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Processing Grief

Over the course of the past year, you’ve likely experienced some form of grief. Whether you’ve lost someone close to you, your job, your routine, or the person you were before you contracted the virus, it’s completely understandable to be struggling right now. 

I’ve gotten to know grief well, as I lost my father in March 2020. The cause of his death was heart failure, but I have my suspicions that COVID-19 may have sped up the process. I will never know for sure because testing was not yet available. 

Like many people, I became obsessed with the “why?” Why did this have to happen? Could I have done something to prevent it? I ended up torturing myself over a circumstance that I truly had no control over. 

For me, it’s been important to focus on what I can control. I am only in control of myself, how I react, how I respond, and how I cope with these types of complicated feelings. 


What I tell my clients struggling with grief

As a Sanvello therapist, I regularly work with clients who have lost someone or something and they all grieve differently because it is an intensely personal experience. No matter if they’re expressing feelings openly or moving through a state of numbness, my job is to remind them to take care of themselves.

Every day will present itself with new challenges and new emotions, so paying close attention to your changing needs is essential. If you have a daily routine, keep it as close to normal as possible. If you did not have a routine before, try to develop one. Even if it’s just the little things, consistency helps.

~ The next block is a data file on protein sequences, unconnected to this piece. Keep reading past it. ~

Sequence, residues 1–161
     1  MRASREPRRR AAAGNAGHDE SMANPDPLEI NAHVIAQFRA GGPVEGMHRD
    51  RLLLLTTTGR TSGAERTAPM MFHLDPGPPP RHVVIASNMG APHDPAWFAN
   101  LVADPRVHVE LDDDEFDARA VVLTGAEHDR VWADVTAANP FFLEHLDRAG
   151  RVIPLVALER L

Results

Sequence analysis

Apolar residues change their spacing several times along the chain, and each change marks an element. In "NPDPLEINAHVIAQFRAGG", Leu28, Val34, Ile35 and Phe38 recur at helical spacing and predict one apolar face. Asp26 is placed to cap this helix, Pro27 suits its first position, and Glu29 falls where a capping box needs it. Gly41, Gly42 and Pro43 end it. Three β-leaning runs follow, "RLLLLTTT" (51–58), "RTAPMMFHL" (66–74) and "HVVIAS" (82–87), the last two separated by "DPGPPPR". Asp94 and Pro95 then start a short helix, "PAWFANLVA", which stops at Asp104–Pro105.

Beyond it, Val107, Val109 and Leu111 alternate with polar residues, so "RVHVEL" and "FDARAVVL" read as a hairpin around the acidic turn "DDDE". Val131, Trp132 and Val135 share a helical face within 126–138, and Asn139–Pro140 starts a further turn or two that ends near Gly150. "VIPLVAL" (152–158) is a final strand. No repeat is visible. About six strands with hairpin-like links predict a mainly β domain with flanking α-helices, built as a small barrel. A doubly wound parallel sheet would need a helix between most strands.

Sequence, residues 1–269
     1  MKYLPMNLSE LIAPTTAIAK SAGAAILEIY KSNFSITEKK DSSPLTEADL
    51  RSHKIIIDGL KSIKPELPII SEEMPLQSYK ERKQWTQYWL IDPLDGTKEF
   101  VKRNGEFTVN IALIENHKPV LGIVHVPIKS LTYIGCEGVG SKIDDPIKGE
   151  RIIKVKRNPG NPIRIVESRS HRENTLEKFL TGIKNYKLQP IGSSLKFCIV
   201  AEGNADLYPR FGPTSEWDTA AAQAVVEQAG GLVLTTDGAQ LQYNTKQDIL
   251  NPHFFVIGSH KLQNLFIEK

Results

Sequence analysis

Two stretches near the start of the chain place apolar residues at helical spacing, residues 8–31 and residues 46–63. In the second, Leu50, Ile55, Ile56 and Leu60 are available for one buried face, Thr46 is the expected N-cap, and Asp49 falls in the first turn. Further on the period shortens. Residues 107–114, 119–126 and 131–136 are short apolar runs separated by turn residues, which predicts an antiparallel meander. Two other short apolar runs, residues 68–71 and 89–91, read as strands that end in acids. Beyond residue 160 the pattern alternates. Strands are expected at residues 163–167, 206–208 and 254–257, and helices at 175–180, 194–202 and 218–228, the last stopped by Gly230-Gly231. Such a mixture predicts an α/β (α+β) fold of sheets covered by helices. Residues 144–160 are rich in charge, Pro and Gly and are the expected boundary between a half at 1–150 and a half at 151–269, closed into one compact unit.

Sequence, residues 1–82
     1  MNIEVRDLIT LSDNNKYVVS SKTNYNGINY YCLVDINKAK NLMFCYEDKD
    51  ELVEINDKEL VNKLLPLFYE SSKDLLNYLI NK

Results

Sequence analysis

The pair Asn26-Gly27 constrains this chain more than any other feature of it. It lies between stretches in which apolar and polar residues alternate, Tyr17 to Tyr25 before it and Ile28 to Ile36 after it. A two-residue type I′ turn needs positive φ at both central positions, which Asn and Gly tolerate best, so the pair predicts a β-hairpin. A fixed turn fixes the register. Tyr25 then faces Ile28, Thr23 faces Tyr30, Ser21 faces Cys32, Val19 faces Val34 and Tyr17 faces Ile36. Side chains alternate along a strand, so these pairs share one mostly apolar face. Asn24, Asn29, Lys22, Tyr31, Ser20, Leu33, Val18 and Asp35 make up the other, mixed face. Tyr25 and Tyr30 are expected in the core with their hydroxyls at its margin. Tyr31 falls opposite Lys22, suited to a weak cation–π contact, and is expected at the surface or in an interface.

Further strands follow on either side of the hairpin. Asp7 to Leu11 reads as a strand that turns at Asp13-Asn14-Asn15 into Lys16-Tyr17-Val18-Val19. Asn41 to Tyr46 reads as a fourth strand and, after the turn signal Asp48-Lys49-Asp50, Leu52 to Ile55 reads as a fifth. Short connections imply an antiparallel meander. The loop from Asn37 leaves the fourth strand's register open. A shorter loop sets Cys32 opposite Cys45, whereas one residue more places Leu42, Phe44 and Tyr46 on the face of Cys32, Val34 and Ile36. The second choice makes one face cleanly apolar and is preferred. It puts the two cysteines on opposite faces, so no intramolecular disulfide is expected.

My COVID experience

A week after my father’s death, I began to feel sluggish and noticed that my limbs hurt. I tested positive for COVID-19 in late March 2020. Every time I thought I was getting better, the virus pulled me back down. I developed pneumonia and had multiple trips to urgent care and the emergency room.

Thankfully I recovered, but the residual side effects have been brutal. I often find myself forgetting words or having trouble getting out of bed because the fatigue is overwhelming. I’ve been left to grieve who I was pre-COVID.

After doing quite a bit of work to heal both physically and emotionally, I realize that it doesn’t serve me to linger on who I used to be. I am this new version of myself and I can grieve the losses, but I cannot let it take over my life today.

Taking care of myself through this process means taking naps when I feel exhausted, drinking plenty of fluids, setting boundaries, knowing my limits, and enlisting Post-It notes to help me remember small details.

Grief hurts, but it is not the end. No matter the losses you’ve experienced, it does not have to define you. As I remind my clients, and myself, you are stronger than you know and you are allowed to work towards moving forward. You deserve a life full of joy. It can take time and effort to get there, but we’re here to give you support along the way.


Looking to connect with others experiencing grief? Visit our Sanvello Grief Community.


By Giacomo Lucchetti, LCSW

Giacomo is a clinical social worker, providing psychotherapy and social services to people of all ages. When he’s not seeing clients, he enjoys watching history documentaries, keeping up with the latest technology, and spending time with his family and three rescue dogs.